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Grasshopper Jungle: A History
Contributor(s): Smith, Andrew

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ISBN: 0142425001     ISBN-13: 9780142425008
Publisher: Speak
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Binding Type: Paperback - See All Available Formats & Editions
Published: February 2015

Annotation: Austin Szerba narrates the end of humanity as he and his best friend Robby accidentally unleash an army of giant, unstoppable bugs and uncover the secrets of a decades-old experiment gone terribly wrong.
Additional Information
Library of Congress Subjects:
Survival; Fiction.
Friendship; Fiction.
Gender identity; Fiction.
Dewey: [Fic]
LCCN: bl2015005138
Academic/Grade Level: Grade 10-12, Age 15-18
Book type: Juvenile Fiction
Physical Information: 8.50" H x 5.75" W x 1.25" (0.75 lbs) 388 pages
Scholastic Reading Counts Info
Quiz #: Q63208
Reading Level: 6.3   Interest Level: Grades 9-12   Point Value: 23.0
Descriptions, Reviews, Etc.

Reviewed by Horn Book Guide Reviews (Horn Book Guide Reviews 2014 Fall)
Unfortunate coincidences involving sixteen-year-old Austin and his best friend Robby lead to the unleashing of gigantic, ravenous praying mantises related to a diabolical scientist's decades-old experiments. Austin's love for and attraction to both his girlfriend and to Robby is the powerful emotional backbone of this intricate, grimly comedic apocalypse story, in which Smith proves himself a daring and original wordsmith.

Reviewed by Publishers Weekly Reviews (PW Reviews 2013 November #1)

Assuming the role of a historian (a wildly obscene historian), 16-year-old Austin Szerba chronicles the end of the world as it begins in his small Iowa town. Austin is in love with two people—his girlfriend, Shann, and his best friend Robby; neither of them is okay with it but, as Austin frequently repeats, "I was so confused." This confusion worsens when a series of missteps results in the propagation of six-foot tall, superstrong, mantislike Unstoppable Soldiers that portend a new world order on Earth. Sex is everywhere in this novel (only some of it involving humans), but Smith (Winger) describes it in purposefully clinical and utterly unromantic terms, making connections between the Unstoppable Soldiers—who "wanted only to fuck and eat"—and human beings, whose preoccupations aren't, perhaps, so different. Filled with gonzo black humor, Smith's outrageous tale makes serious points about scientific research done in the name of patriotism and profit, the intersections between the personal and the global, the weight of history on the present, and the often out-of-control sexuality of 16-year-old boys. Ages 14–up. Agent: Michael Bourret, Dystel & Goderich Literary Management. (Feb.)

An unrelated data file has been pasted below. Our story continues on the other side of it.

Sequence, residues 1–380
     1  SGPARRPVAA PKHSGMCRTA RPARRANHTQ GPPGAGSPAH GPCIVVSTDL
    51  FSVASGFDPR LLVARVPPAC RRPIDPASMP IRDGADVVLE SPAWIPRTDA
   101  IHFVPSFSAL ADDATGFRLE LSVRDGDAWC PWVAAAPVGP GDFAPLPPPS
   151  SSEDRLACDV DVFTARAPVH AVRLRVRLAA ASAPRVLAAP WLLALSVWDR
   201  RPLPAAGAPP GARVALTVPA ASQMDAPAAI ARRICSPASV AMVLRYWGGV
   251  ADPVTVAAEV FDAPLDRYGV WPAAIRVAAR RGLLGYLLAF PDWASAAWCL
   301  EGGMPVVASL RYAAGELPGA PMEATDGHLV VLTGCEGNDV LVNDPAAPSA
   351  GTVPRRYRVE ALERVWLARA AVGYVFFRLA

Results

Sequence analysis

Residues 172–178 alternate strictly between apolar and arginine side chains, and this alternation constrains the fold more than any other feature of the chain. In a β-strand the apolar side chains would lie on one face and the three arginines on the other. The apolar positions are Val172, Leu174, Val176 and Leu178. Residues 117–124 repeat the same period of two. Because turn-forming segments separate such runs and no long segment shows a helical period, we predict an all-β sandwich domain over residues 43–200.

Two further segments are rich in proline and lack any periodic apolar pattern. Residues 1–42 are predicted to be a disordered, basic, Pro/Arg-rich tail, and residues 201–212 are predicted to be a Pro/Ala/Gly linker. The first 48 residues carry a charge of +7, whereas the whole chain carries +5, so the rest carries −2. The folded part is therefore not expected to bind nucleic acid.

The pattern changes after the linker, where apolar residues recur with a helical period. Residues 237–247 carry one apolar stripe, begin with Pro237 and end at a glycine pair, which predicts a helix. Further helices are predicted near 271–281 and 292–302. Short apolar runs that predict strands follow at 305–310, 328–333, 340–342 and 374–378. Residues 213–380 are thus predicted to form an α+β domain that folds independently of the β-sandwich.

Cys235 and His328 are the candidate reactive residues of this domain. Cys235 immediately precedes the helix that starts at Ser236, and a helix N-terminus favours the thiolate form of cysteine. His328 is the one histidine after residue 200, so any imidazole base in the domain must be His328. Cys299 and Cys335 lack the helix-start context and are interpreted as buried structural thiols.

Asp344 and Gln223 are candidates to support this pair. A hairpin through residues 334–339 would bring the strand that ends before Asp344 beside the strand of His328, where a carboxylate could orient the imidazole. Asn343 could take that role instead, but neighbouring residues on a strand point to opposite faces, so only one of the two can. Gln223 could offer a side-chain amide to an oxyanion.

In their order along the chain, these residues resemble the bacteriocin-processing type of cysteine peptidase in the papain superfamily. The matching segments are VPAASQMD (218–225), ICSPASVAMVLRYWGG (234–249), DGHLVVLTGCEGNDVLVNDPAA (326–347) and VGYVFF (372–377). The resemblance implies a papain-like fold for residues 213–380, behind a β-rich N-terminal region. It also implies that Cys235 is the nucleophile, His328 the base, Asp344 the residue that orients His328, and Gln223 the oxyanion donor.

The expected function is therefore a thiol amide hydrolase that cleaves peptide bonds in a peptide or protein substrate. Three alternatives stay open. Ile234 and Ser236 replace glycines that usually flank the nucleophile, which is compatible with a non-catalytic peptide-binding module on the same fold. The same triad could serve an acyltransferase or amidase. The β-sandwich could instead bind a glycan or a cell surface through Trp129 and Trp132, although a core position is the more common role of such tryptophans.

[Page ]. Copyright 2013 PWxyz LLC

Reviewed by School Library Journal Reviews (SLJ Reviews 2014 February)

Gr 10 Up—It used to be that the only interesting events to occur in crumbling Ealing, Iowa happened between the pages of 16-year-old Austin Szerba's "history" journals. Austin's journals are elaborate and uncensored records about sex; his love for his girlfriend, Shann; his growing attraction for his best friend, Robby; his unique Polish ancestors; even Ealing's decrepit mini-mall where he and Robby hang out. Shann tells Austin, "I love how, whenever you tell a story, you go backwards and forwards and tell me everything else that could possibly be happening in every direction, like an explosion." And that's exactly how Austin narrates the end of the world when a twist of fate sparks the birth of mutant, people-eating praying mantises. Austin not only records the hilarious and bizarre tale of giant, copulating bugs but his own sexual confusion and his fear about hurting the people he loves. Award-winning author Smith has cleverly used a B movie science fiction plot to explore the intricacies of teenage sexuality, love, and friendship. Austin's desires might garner buzz and controversy among adults but not among the teenage boys who can identify with his internal struggles. This novel is proof that when an author creates solely for himself-as Smith notes in the acknowledgments section-the result is an original, honest, and extraordinary work that speaks directly to teens as it pushes the boundaries of young adult literature.—Kimberly Garnick Giarratano, Rockaway Township Public Library, NJ

[Page 114]. (c) Copyright 2014. Library Journals LLC, a wholly owned subsidiary of Media Source, Inc. No redistribution permitted.
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